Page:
Disney lowers the boom on Miramax
It's not exactly a shock to see the news that Disney is downsizing its Miramax specialty division, the division that delivered the studio an Oscar best picture winner with "No Country for Old Men" just 18 months ago. Disney is taking control of Miramax's marketing and distribution divisions, which means that you can expect to see the studio lay off most of Miramax's 80 staffers in the coming days. The specialty division's output is expected to drop from its current six-to-eight film-release slate to at most two or three films a year.
Miramax chief Daniel Battsek is expected to stay on, but for how long? With the firing of longtime Disney chief Dick Cook (who largely took a hands-off approach to the subsidiary) and the much-rumored hiring of Disney Channels chief Rich Ross as the new Disney studio head expected any minute now, it's hard to imagine that there is any real corporate support for a continued Miramax presence at the studio, which increasingly sees itself as being in the brand business, not in the little-movies-that-could business.
The worst part of the news is that Disney will be handling the marketing of any upcoming Miramax releases. That's a recipe for disaster, since big studios aren't equipped to put in the grinding amount of labor and energy necessary to release specialty films -- which is why Warner, which no longer has a specialty division, gave up on "Slumdog Millionaire," last year's best picture winner, letting Fox Searchlight release the movie and grab all the glory. Big studios are marketing assembly lines, not boutiques. Disney is great at selling mass-appeal family movies and Jerry Bruckheimer action-adventure thrill rides, but it doesn't have a clue about releasing adult-oriented dramas.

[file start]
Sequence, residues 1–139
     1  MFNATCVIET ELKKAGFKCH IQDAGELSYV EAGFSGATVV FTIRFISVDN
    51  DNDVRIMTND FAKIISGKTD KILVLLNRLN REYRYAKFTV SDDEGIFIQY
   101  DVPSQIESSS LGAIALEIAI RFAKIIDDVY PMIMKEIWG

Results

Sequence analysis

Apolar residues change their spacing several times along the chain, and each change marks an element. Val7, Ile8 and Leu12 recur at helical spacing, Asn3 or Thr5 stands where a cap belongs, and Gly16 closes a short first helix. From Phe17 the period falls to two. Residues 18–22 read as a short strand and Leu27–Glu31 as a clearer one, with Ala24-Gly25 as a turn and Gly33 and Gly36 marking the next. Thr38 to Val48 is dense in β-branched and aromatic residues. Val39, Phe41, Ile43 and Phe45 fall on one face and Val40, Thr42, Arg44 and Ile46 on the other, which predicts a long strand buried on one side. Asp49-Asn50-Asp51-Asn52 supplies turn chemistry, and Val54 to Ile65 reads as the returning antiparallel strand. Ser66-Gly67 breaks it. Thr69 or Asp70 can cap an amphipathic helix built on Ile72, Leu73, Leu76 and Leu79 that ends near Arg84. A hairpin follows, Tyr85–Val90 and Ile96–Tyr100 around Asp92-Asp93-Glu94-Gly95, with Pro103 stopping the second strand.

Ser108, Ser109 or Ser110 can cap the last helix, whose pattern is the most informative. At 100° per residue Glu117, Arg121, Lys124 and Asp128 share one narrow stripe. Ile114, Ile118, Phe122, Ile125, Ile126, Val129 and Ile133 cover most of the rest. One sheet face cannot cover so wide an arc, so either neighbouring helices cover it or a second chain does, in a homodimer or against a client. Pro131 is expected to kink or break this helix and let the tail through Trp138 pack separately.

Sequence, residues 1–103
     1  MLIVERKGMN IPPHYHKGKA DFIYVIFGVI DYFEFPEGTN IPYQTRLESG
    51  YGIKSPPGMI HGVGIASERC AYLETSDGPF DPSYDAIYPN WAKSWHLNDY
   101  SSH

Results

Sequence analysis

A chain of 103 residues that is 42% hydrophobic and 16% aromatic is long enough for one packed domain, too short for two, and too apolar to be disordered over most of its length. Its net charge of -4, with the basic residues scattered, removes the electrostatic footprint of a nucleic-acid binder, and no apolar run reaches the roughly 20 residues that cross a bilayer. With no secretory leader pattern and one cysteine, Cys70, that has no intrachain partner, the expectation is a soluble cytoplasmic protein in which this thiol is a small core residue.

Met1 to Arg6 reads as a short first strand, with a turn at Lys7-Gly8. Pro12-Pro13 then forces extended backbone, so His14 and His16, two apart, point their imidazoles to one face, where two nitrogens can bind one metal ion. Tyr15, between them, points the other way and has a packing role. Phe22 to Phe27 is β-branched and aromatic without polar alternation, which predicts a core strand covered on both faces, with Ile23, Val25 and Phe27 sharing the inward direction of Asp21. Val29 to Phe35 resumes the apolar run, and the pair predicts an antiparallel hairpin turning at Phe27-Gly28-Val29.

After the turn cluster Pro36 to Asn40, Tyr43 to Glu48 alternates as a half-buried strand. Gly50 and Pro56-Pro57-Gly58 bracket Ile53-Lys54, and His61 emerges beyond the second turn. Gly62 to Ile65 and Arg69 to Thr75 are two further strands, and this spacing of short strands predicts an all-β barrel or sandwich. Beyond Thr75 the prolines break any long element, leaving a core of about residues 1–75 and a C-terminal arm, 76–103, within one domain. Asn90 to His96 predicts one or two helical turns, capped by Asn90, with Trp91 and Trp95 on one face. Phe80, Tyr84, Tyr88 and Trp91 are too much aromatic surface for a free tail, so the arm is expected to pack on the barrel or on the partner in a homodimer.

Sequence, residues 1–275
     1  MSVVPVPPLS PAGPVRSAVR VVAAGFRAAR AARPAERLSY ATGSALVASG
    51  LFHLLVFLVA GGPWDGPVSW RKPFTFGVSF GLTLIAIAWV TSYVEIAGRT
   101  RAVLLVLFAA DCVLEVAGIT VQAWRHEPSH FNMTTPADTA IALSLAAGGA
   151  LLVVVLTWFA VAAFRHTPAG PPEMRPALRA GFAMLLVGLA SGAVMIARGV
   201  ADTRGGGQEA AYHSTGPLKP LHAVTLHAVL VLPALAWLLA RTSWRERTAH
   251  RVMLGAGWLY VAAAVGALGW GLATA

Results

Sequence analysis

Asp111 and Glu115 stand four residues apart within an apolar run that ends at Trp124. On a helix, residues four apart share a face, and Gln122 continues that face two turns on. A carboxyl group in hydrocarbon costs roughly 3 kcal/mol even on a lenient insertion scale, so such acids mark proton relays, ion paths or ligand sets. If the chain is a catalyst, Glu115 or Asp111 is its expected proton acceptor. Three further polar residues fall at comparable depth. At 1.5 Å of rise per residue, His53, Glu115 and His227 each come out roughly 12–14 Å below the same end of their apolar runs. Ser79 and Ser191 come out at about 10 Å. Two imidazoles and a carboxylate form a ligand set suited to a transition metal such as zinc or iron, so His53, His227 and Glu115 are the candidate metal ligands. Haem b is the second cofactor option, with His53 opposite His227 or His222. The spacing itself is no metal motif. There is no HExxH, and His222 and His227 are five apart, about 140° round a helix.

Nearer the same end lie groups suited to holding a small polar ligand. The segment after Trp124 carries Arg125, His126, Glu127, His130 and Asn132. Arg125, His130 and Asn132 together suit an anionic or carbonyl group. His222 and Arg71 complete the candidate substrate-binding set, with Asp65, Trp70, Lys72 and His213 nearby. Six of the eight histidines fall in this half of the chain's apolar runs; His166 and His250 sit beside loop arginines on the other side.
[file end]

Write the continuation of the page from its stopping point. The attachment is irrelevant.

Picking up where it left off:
So with its marketing and distribution in the hands of the parent studio, Miramax is pretty much of a dead man walking. It's always bad news for ambitious filmmakers when another specialty division bites the dust, since it means that there will be one less distributor vying to put adult-oriented films on the map. But if you look at Miramax's performance from a studio perspective, it's hard to justify its existence as a free-standing entity.
In the last few years, Miramax has certainly had its share of artistic successes, notably "No Country for Old Men" (which it co-financed with Paramount Vantage in a two-fer deal with "There Will Be Blood"). It also released "Doubt," a classy drama that incurred far too many Oscar-chasing marketing costs to make any real money. In 2007, Miramax released "Gone Baby Gone," which was critically lauded but not a money maker -- ditto for "The Diving Bell and the Butterfly" from the same year. Miramax's best-performing film since "No Country" was probably "Adventureland," which was a modest success earlier this year.
But Miramax kept putting out dramas long after the audience for dramas had clearly dried up, especially when it came to well-made films (like "The Boy in the Striped Pajamas" and "Blindness") that simply couldn't attract a wide enough audience to justify their costs. For all his good taste, Battsek wasn't the right man to keep Miramax going. It probably sounds like heresy for me to say it, but Miramax was never the same place after the departure of Harvey Weinstein. He swore like a sailor, berated his staff and drove filmmakers around the bend, but, in his heyday, he had the iron will and the showmanship that a specialty division needs to keep the doors open.
Making quality films is not for the faint of heart. It's a tough way to make a living, especially when you're working in the shadow of the newly Marvelized Magic Kingdom, where everything is viewed through the middle-brow lens of making the customer happy. For all the cozy, filmmaker-friendliness of its last years. Miramax didn't have the toughness or tenaciousness that it takes to see hard-to-market movies through to the finish line. I hope the much-reduced Miramax will have a couple more glory days, but my guess is that its future at Disney is bleak.
Photo: Daniel Battsek. Credit: Damon Winter / Los Angeles Times.